29/01/2024

Attract and retain talent in the Life Science industry

Article series: The main challenges facing the Life Science industry in Denmark - Part 2

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Pernille Hemmingsen

Research Manager, Denmark

ph@compasshrg.com

+45 51 68 78 85

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Only by recognising and addressing these modern work demands can organisations thrive and retain talent in a time when employees’ expectations of the world of work are constantly evolving

In early 2023, we published the Whitepaper “The Battle for Talent“, where we conducted an in-depth analysis of the Life Science industry in Denmark from a recruitment perspective. In this three-part article series, we will revisit the three main challenges we identified in the Whitepaper and examine how they have evolved over the past year.

In our first article, which you can read here, we dive into the Life Science industry’s competitive recruitment environment and how it shapes the industry. In this second part, we focus on how it affects candidates and how you as an organisation can succeed in attracting talent to your organisation.

A shift in the power balance

In recent years, the growing demand for specialised professionals has changed the rules of the job market. Employees are now in the driver’s seat, especially the highly skilled. This shift has created a more balanced relationship between companies and candidates, with the latter now having the power to present their unique requirements to a workplace. To thrive in this modern recruitment landscape, it is crucial for any organisation to embrace this reality and fine-tune its approach to recruitment accordingly.

At the same time, the pandemic has acted as a catalyst for change. Many individuals have changed workplaces in the wake of the pandemic, driven by a changing attachment to the workplace, with the home office becoming the norm for a period of time. This shift has not only involved a transition in the work environment, but also a change in the way people maintain relationships and communities in the workplace. The physical separation from colleagues has affected the dynamic, with daily life no longer being shared as intensely in the office. This impact is still being felt and has challenged organisations’ ability to retain their employees.

This new balance of power puts candidates in a stronger position to negotiate and openly discuss work/life balance. Pernille Hemmingsen, Research Manager at Compass, notes: “We see that more and more candidates are prioritising a harmonious work/life balance. In our conversations with candidates, work/life balance is almost always one of the first things to come up. It has become a critical factor that needs to be in place and therefore it is important to get this clarified early in the process.”

Do you want to read our entire whitepaper?

We focus on the industry’s main challenges from a recruitment perspective and present ten tips on how companies can meet their recruitment needs in a highly competitive market.

UNDERSTAND THE INDUSTRY
AND WIN THE BATTLE FOR TALENT

Good leadership is key to retention

In today’s dynamic labour market, talent management and succession planning have become indispensable components for the success of any organisation. “An essential part of this strategy is to engage in an honest dialogue during the recruitment process, clarifying current job requirements while outlining future career opportunities,” says Pernille Hemmingsen, Research Manager i Compass. She elaborates: “This not only ensures that the job avoids becoming a dead end, but instead transforms it into a springboard for further growth and development within the organisation – an aspect that is highly valued by candidates.” Being accommodating to employee progression is crucial, and this is further supported by cultivating a strong social environment, which can reinforce employee belonging and engagement with the organisation.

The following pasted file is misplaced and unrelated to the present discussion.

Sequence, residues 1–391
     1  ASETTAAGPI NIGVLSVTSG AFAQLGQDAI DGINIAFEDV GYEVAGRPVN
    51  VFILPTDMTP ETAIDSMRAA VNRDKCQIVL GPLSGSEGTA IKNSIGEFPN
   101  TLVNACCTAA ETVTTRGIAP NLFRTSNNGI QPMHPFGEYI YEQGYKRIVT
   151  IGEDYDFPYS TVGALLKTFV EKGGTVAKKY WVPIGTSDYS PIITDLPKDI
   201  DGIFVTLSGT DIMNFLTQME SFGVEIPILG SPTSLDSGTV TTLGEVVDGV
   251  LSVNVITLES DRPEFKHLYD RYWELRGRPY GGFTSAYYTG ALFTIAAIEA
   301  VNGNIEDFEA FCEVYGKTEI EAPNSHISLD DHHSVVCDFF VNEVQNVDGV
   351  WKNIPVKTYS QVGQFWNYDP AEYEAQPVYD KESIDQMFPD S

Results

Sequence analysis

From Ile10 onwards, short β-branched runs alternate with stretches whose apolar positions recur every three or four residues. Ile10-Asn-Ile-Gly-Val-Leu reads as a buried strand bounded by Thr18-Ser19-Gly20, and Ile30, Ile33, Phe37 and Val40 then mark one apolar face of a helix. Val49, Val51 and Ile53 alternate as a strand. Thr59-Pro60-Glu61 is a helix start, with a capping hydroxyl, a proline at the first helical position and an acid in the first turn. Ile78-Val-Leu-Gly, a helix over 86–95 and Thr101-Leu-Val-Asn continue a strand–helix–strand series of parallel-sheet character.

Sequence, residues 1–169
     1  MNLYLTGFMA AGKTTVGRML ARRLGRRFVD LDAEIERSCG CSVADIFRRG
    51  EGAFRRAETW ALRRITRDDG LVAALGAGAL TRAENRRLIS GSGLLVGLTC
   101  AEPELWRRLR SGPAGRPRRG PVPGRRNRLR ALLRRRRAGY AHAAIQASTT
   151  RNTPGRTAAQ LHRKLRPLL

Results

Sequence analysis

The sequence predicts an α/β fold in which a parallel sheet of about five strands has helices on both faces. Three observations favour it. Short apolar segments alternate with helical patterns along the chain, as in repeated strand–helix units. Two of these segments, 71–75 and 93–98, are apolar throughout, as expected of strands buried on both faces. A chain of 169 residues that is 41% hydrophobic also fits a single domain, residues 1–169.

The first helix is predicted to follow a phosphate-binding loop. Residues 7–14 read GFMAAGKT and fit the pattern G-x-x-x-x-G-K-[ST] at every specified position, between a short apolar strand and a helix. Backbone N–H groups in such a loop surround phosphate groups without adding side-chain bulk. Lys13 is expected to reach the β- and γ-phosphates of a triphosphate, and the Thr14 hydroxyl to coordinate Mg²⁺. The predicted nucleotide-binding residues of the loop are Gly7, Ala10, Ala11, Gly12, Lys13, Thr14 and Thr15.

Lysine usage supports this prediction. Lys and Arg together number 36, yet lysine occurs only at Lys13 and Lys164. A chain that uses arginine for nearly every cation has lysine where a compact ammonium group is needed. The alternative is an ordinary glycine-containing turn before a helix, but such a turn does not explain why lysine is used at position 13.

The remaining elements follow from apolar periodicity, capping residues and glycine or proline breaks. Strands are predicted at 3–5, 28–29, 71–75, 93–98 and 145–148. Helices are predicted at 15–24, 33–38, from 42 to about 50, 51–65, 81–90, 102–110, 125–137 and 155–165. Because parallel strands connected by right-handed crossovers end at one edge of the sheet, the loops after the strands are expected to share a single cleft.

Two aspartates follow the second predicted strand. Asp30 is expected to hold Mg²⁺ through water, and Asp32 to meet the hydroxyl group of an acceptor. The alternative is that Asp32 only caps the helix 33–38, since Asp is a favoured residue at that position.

In the past, an employee’s loyalty to their employer was expected, partly due to a more unequal balance of power in favour of companies. However, today’s labour market is undergoing significant changes. Candidates now place a high value on their personal and professional development. They are selective and thoroughly analyse job opportunities to ensure they align with their individual ambitions and personal lives. This shift in prioritisation is no longer new, but it is now firmly entrenched. This means it poses new challenges for organisations and their leaders. They are tasked with navigating a work culture where employees’ personal development is at the centre. As Pernille Hemmingsen puts it: “In this changing labour market, candidates will no longer bend and stretch to fit an organisation’s framework.” In other words, it is the organisations that must bend and stretch more.

This requires a new approach to leadership that emphasises meeting the individualised needs of each employee,” says Rasmus Meyhoff, Partner and Practice Lead in Life Science at Compass. A leader must understand the value of customising employees’ work life to their individual needs and ensure that the career ladder is flexible and in line with the individual’s ambitions. If a candidate cannot imagine thriving within the framework defined by a prospective employer, it is likely they will decline the job offer. Similarly, it is crucial for employee retention that companies continuously adapt working conditions in accordance with the employee’s lifecycle and changing individual needs.

Accommodating this diversity of needs and aspirations requires a leader who not only understands but also values the diversity of their team. Furthermore, it requires organisations to support this approach and ensure that the leader has the necessary resources and support to succeed. “Only by recognising and addressing these modern demands of the workplace can organisations thrive and retain talent in a time when employees’ expectations of the workplace are constantly evolving,” Rasmus Meyhoff emphasises.

Make a work-from-home strategy